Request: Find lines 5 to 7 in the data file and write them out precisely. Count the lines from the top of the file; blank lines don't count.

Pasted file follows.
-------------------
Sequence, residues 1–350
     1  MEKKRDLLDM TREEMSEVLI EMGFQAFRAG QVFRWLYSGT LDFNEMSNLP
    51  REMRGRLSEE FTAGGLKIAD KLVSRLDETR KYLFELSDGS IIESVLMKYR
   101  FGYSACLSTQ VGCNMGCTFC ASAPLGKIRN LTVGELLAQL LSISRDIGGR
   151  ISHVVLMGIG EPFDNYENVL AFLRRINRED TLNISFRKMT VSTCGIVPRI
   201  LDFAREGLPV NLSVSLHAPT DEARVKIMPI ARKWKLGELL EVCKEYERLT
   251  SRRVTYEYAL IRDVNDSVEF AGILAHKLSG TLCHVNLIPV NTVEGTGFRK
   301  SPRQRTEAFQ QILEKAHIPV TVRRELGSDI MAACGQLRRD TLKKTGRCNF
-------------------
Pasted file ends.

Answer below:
   151  ISHVVLMGIG EPFDNYENVL AFLRRINRED TLNISFRKMT VSTCGIVPRI
   201  LDFAREGLPV NLSVSLHAPT DEARVKIMPI ARKWKLGELL EVCKEYERLT
   251  SRRVTYEYAL IRDVNDSVEF AGILAHKLSG TLCHVNLIPV NTVEGTGFRK